So because our priority is student loan repayment, we’re not as focused on retirement funding.

…But We’re Still Investing for the Future

HOWEVER, I believe that not investing now would be a huge mistake. I won’t explain right now about the “if you start investing at 20 vs if you start investing at 30” charts, but essentially the earlier you start saving, the more time compounding interest has to go to work.

We decided that we would max out one of our retirement accounts while we paid back our student loans. We picked mine simply because my wife doesn’t have one open yet.

I looked into doing the TSP route when I came on active duty in 2010. Because at the time they weren’t offering a Roth option, I decided to just focus on my civilian Roth IRA.

Now that they offer a Roth option, I will probably start using that, after my student loans are paid off. We will also re-examine our retirement savings plan when the student loans are paid off, our income goes up, or something else big changes in our financial situation.

Early Retirement Funds

Another important factor for us is having access to cash and other assets before we reach “retirement age.” If we stick to our plan of having enough assets by age 40 to cover the 4% safe withdrawal rate, then we’re going to need 20 years of funds (from age 40-60) before we can access our normal retirement accounts (Roth IRA, IRA, TSP, etc).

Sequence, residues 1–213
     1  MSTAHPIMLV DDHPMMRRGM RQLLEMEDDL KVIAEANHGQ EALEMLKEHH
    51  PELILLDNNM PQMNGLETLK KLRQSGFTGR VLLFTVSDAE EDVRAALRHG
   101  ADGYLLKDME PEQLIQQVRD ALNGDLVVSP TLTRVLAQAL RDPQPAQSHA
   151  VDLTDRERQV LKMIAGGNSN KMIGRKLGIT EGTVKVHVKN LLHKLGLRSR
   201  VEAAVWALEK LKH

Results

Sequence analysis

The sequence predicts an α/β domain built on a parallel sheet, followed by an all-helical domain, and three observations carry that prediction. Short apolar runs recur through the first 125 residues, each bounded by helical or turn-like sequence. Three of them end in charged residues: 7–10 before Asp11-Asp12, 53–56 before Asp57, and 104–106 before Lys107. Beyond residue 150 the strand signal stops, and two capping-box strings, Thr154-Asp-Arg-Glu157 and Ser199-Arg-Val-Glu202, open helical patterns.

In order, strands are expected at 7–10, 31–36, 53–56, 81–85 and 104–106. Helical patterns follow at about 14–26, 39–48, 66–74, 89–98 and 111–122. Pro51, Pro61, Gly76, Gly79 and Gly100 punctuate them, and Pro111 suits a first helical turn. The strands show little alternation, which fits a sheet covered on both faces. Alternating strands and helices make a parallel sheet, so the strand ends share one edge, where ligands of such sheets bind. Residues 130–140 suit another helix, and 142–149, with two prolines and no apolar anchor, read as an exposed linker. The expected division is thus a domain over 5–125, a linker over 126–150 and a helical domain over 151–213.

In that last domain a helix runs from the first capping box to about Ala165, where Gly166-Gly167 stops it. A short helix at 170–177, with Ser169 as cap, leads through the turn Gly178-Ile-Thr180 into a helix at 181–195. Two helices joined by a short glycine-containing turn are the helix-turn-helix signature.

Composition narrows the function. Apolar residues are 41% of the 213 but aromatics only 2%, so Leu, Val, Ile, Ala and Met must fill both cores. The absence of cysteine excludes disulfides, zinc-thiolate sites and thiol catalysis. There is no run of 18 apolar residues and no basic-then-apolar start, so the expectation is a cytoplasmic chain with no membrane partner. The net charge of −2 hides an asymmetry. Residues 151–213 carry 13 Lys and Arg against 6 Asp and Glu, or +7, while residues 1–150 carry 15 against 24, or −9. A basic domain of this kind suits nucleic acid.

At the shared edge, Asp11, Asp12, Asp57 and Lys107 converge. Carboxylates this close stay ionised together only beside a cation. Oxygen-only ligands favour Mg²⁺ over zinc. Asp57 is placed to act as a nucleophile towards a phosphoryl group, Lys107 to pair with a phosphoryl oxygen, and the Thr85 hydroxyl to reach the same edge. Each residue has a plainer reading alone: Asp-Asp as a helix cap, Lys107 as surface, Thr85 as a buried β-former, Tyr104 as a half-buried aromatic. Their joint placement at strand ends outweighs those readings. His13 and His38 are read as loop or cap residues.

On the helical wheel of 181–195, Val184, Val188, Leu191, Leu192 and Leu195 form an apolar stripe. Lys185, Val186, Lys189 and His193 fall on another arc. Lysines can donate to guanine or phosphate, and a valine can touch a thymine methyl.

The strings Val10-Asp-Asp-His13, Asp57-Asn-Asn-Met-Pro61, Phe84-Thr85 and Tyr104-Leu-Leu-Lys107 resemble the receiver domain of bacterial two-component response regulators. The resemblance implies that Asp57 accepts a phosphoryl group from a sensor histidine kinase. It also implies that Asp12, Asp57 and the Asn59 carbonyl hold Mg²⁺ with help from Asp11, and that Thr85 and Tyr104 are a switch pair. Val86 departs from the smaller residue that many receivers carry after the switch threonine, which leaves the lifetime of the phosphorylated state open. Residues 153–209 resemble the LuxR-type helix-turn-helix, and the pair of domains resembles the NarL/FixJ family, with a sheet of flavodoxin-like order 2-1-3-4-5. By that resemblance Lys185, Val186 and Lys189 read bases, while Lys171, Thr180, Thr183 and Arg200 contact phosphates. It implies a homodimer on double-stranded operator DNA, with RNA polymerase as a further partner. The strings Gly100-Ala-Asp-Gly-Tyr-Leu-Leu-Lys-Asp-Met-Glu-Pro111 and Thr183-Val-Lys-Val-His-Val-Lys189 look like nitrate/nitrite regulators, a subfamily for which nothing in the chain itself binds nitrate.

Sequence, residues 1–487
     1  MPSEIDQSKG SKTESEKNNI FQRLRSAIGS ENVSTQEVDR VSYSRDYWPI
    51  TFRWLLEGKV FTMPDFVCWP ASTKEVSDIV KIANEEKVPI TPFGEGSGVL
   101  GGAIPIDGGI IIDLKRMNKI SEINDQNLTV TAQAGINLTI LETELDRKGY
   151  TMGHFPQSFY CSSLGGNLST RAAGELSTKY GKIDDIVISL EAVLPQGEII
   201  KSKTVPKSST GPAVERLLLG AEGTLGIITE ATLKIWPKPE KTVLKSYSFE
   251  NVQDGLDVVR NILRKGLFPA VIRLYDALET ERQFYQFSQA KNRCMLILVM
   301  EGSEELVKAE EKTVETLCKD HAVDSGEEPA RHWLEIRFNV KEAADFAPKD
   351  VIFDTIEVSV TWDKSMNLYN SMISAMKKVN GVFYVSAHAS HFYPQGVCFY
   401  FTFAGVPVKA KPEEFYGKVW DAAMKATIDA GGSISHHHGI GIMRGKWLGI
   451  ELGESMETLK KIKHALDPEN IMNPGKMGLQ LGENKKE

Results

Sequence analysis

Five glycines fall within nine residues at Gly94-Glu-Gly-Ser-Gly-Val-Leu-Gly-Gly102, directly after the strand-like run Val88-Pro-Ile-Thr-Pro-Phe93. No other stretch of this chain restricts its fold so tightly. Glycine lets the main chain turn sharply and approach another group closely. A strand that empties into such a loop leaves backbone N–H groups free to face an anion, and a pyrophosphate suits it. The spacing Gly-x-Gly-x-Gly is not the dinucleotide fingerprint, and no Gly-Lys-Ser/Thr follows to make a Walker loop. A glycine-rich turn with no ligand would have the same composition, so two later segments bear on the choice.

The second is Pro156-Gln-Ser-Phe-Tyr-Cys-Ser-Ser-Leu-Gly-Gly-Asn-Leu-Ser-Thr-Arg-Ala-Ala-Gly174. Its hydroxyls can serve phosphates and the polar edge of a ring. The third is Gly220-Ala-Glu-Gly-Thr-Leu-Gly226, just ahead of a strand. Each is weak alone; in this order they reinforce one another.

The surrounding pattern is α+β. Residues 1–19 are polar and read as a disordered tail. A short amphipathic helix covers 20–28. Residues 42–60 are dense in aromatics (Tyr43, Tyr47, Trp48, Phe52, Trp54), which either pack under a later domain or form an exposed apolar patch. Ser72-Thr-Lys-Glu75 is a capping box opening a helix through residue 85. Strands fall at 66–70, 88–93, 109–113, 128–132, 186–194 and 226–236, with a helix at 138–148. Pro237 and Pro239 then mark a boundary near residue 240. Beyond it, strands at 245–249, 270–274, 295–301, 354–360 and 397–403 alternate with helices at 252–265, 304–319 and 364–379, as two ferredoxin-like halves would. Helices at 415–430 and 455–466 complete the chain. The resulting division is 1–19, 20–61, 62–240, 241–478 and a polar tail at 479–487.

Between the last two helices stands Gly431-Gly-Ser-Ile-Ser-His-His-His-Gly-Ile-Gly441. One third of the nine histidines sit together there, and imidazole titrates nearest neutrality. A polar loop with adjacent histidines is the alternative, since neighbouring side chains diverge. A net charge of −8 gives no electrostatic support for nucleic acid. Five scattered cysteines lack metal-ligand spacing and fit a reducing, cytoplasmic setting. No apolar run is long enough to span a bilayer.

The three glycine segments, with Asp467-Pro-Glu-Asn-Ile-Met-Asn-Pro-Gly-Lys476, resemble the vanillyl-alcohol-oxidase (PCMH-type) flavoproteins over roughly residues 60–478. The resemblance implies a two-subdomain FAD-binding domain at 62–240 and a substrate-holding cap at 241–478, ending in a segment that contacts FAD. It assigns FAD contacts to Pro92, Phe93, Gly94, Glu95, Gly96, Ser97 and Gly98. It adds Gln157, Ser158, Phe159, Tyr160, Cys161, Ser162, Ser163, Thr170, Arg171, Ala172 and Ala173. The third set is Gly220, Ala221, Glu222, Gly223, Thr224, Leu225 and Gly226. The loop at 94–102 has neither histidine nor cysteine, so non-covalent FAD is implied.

This is going to require some investment vehicles outside of the normal retirement accounts, such as taxable brokerage accounts, Lending Club, CDs, maybe a military retirement package (although the earliest I would be eligible for this under current rules is 44).

And that, Kate, is my 657 word answer to your comment! Please let me know if you think I’m missing something here. I love getting feedback on my plans.

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4 Responses to Why I’m Funding My Roth IRA and Not My Wife’s (For Now!)

  1. Healthcare Army LT says:

    Remember, you can withdraw contributions from a Roth with no penalty and tax free at any time. This might help you plan better from age 40-60.